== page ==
Back around Christmas, 2008 I co-authored a blog with Miami tax attorney Shawn Wolf, Esq. on the issue of a FIRPTA transaction coupled with a short sale. The analysis showed that there were no specific IRS regulations and no rulings regarding a short sale transaction that was subject to FIRPTA. See FIRPTA and SHORT SALES - DANGEROUS LIABILITY TO BUYER AND CLOSING AGENT.
Last month a communication came through from the IRS that confirmed the conclusion made in that article. I am providing to you the question that was posed to the IRS and the answer received from the IRS for those of you that meet this type of situation:
Sent: Wednesday, February xx 2009
Subject: short sale question
I am interested in the FIRPTA consequences of a short sale. The Regulations do not specifically discuss this type of transaction, limiting the withholding discussion to foreclosures and deed in lieu. In short, a short sale is where a property owner sells his property to a third party buyer at (usually) a price that is "short" of the debt owed. Thus, the bank that is involved usually receives all of the sales proceeds in repayment of the existing mortgage. The bank may or may not forgive the debt that is not satisfied by the sale, and a decision on this issue may not be made for several months or even years after the sale.
For example, assume someone (an NRA) bought a home for $500,000 cash and thereafter borrows $800,000 when the value increased to $1,000,000 (80% LTV). Due to the market conditions, the owner short sells the property and the sale is consummated for $750,000.
Would the FIRPTA withholding in a situation like this be based on:
•1. the $750,000 sales price, noting that the bank may or may not forgive the $50,000 of additional debt; or
•2. The "amount realized" of $800,000 (the sale price PLUS the potential debt forgiveness)?
Would the IRS grant a withholding certificate in a situation like this? If so, what needs to be explained about the short sale and the debt?
If the answer is 1., above (i.e., withholding is based on $750,000), if the $50,000 debt is later forgiven is there any FIRPTA withholding requirement at that time? Consider that the debt would then be an unsecured promise to pay (as the U.S. real property interest was sold).
I would like to think that the "right answer" is that withholding would be based on the $750,000, that a withholding certificate could be obtained based on gain of $250,000 (i.e., $750,000 less the $500,000 purchase price), and that the forgiveness of the debt does not trigger any additional FIRPTA withholding obligations. This would seem to be a result that is consistent with the Regulations on foreclosures and on deed in lieu, but is clearly neither of these transactions. Of course the bank would not be happy to hear it is not getting $750,000 but $750,000 less the withholding.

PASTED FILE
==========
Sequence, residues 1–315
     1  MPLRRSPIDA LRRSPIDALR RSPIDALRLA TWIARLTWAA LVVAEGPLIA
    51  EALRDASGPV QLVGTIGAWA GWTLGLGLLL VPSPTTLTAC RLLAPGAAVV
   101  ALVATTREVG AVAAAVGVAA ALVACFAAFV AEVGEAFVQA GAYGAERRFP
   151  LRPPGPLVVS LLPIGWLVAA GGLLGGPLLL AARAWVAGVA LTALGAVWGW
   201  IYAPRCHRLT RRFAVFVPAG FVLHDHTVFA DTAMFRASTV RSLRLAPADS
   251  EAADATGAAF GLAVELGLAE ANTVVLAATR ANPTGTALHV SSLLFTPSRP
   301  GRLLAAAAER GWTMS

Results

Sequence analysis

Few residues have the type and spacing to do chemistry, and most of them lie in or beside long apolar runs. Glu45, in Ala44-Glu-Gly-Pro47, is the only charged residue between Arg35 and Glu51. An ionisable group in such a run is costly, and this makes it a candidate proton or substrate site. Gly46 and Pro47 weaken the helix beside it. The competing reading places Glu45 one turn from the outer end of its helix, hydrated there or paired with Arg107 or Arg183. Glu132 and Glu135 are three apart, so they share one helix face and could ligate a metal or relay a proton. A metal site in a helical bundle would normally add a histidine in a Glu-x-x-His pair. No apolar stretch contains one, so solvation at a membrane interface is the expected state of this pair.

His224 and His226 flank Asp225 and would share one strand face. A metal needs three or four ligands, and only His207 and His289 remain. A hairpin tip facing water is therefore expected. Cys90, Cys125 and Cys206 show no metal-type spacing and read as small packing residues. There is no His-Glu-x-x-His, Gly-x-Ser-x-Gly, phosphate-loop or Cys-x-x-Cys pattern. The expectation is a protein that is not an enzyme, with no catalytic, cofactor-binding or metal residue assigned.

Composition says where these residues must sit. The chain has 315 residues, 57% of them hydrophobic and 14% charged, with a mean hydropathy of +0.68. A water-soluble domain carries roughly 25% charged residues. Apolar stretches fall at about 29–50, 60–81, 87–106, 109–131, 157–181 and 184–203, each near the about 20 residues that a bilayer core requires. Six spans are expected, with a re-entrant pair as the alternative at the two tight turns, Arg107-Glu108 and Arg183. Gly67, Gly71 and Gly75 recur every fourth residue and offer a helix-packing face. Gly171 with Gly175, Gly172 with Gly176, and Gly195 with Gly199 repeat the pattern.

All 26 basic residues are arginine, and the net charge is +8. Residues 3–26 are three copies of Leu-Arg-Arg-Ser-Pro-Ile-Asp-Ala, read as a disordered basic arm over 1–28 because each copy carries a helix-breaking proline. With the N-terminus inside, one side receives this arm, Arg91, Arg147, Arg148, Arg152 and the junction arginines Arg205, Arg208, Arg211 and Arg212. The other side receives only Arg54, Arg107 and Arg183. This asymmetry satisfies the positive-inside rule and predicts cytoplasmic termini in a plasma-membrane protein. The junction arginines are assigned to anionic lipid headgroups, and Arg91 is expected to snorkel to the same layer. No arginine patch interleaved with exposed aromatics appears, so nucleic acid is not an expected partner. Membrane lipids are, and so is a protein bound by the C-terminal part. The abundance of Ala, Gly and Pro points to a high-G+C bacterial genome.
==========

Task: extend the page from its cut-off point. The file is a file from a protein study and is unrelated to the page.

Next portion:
The response received from the IRS was:
Sent: Thursday, February xx 2009
Subject: RE: short sale question
When the regulations do not specifically address an issue, general law applies. The answer to short sale questions is clearly set forth in the definition of the "Amount Realized" per Treas. Reg. 1.1445-1(g)(5). This regulation section defines Amount Realized as follows:
- The cash paid or to b paid,
- The FMV of other property transferred or to be transferred, and
- The outstanding amount of any liability assumed by the transferee or to which the US real property interest is subject immediately before and after the transfer.
As you know, the withholding is based on the Amount Realized. Therefore, in the example you set forth, the withholding would be based on $800,000 (Sales price plus outstanding liability assumed).
Also, as you correctly alluded, Foreclosures and Deed in Lieu of Foreclosure are different from short sales.
Senior Program Analyst
Copyright 2009 Richard P. Zaretsky, Esq.
Be sure to contact your own attorney for your state laws, and always consult your own attorney on any legal decision you need to make. This article is for information purposes and is not specific advice to any one reader.
Richard Zaretsky, Esq., RICHARD P. ZARETSKY P.A. ATTORNEYS AT LAW, 1655 PALM BEACH LAKES BLVD, SUITE 900, WEST PALM BEACH, FLORIDA 33401, PHONE 561 689 6660 RPZ99@Florida-Counsel.com - FLORIDA BAR BOARD CERTIFIED IN REAL ESTATE LAW - We assist Brokers and Sellers with Short Sales and Modifications and Consult with Brokers and Sellers Nationwide! Shortsales@Florida-Counsel.com New Website www.Florida-Counsel.com. See our easy to find articles at Need Short Sale Information? - These Articles Probably Answer Your Question